The ongoing rain season has also seen a rise in the number of mining accidents, especially within the artisanal and small scale (ASM) mining sector. We have witnessed cases of mining shafts collapsing, with miners waiting weeks for rescue. To recover lost time and production, a balance must be struck between profits and workers health and safety. Profits have to be realised in an ethical and just manner.
PPE and efforts to contain COVID-19
It is a basic requirement for employees to be provided with proper personal protective equipment (PPE). As profit maximisation is prioritised, chances are high that costs will be cut in the purchasing of PPE, either through the procurement of poor quality materials, or in some cases none at all. Unfortunately, cases of this already exist. Some companies failed to carry out COVID-19 tests or provide sanitiser or facilities for hand-washing. Companies should not cut corners and expenses by compromising employee access to protection, instead they must follow World Health Organisation guidelines and ensure they fulfil workers’ rights as guaranteed in section 65 of the Zimbabwe Constitution.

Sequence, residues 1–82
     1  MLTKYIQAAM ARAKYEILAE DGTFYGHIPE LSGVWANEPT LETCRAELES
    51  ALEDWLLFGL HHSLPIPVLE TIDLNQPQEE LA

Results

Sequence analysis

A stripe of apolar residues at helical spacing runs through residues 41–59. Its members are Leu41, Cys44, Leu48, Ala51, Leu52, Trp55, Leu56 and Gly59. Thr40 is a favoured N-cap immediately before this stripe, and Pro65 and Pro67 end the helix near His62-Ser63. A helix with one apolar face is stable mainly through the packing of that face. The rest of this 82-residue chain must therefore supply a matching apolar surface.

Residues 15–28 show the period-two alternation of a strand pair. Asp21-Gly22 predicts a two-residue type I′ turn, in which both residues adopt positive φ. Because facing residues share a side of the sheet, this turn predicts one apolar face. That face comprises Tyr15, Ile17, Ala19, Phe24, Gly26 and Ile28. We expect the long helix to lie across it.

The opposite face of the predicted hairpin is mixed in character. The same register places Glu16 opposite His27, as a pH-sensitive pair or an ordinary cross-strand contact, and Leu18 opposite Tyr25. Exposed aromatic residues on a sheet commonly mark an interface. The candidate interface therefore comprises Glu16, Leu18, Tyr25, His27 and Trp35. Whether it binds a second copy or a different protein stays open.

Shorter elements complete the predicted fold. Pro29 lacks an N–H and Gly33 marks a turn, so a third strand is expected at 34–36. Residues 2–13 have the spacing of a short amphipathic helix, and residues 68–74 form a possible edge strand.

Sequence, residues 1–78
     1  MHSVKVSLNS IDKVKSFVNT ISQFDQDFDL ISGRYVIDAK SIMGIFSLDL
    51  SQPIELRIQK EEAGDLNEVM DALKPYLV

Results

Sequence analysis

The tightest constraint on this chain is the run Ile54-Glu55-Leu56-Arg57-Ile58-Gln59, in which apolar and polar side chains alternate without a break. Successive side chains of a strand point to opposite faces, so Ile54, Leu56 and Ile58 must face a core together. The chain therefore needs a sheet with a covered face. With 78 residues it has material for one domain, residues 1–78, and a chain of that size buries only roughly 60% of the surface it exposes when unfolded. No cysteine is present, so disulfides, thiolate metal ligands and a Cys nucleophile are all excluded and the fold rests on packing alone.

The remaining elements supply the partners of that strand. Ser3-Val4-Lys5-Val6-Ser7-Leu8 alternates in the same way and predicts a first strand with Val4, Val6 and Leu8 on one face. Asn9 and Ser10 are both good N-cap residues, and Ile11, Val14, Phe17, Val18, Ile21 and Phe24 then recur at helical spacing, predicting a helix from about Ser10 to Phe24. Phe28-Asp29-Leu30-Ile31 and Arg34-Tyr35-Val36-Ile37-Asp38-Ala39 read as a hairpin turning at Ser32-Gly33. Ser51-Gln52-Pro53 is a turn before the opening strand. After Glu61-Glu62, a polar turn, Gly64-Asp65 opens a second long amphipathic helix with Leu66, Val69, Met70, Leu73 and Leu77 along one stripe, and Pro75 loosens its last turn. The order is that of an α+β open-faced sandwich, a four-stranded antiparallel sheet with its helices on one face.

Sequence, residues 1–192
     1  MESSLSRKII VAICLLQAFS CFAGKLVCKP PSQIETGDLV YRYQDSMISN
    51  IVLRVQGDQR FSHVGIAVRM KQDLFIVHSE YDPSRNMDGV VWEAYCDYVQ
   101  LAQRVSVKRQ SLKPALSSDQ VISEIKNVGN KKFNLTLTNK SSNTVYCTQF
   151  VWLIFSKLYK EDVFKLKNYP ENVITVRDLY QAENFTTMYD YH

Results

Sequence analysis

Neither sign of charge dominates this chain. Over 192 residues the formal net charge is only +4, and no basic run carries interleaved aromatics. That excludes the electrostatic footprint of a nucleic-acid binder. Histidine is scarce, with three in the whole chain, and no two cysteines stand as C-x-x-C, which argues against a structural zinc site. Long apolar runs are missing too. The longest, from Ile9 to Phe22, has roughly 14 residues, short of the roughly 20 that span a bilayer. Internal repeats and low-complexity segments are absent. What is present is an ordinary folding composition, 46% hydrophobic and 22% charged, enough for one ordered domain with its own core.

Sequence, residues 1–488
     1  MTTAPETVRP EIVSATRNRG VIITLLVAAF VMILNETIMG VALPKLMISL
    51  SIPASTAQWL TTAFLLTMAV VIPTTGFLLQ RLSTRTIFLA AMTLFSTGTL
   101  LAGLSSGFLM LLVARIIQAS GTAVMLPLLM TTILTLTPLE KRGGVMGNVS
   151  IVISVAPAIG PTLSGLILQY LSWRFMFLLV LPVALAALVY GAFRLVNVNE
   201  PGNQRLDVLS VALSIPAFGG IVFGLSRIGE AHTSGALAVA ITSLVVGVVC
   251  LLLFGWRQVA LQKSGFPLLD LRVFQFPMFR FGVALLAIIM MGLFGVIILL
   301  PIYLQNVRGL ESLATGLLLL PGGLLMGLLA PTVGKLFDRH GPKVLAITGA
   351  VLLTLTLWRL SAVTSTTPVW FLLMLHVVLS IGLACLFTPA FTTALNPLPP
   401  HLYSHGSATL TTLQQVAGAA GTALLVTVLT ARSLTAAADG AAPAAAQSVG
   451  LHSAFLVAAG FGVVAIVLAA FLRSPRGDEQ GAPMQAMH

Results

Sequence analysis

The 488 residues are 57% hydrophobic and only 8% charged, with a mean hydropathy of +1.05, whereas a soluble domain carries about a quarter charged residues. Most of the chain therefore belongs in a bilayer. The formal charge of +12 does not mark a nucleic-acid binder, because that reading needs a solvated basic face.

Impact on communities
In some communities, companies are relied upon for water sanitation. Arda Transau in Manicaland, was recently caught in dispute with ZCDC, after it indicated it could no longer afford to pay rates for water reticulation by the Zimbabwe National Water Authority. Consequently, the right to clean and safe water as provided in section 77 of the Constitution was infringed and only restored after ZELA intervened through litigation.
Conclusion and recommendations
The mining sector has been one of the hardest hit by the pandemic. Yet, even in better times it’s reputation with human rights, especially environmental, economic, social and cultural rights, has been very poor. As Zimbabwe, and the mining companies flocking to and operating within it all recover from this pandemic, it is imperative for corporations and their investors to recognise the urgent need to put respect for the human rights of workers and communities at the heart of their economic recovery plans and learn from the pitfalls outlined above. This means:
- Fair worker contracts, hours and remuneration.
- Access to health and safety equipment, including COVID-19 related requirements.
- Ongoing corporate social responsibility action and respect for community rights.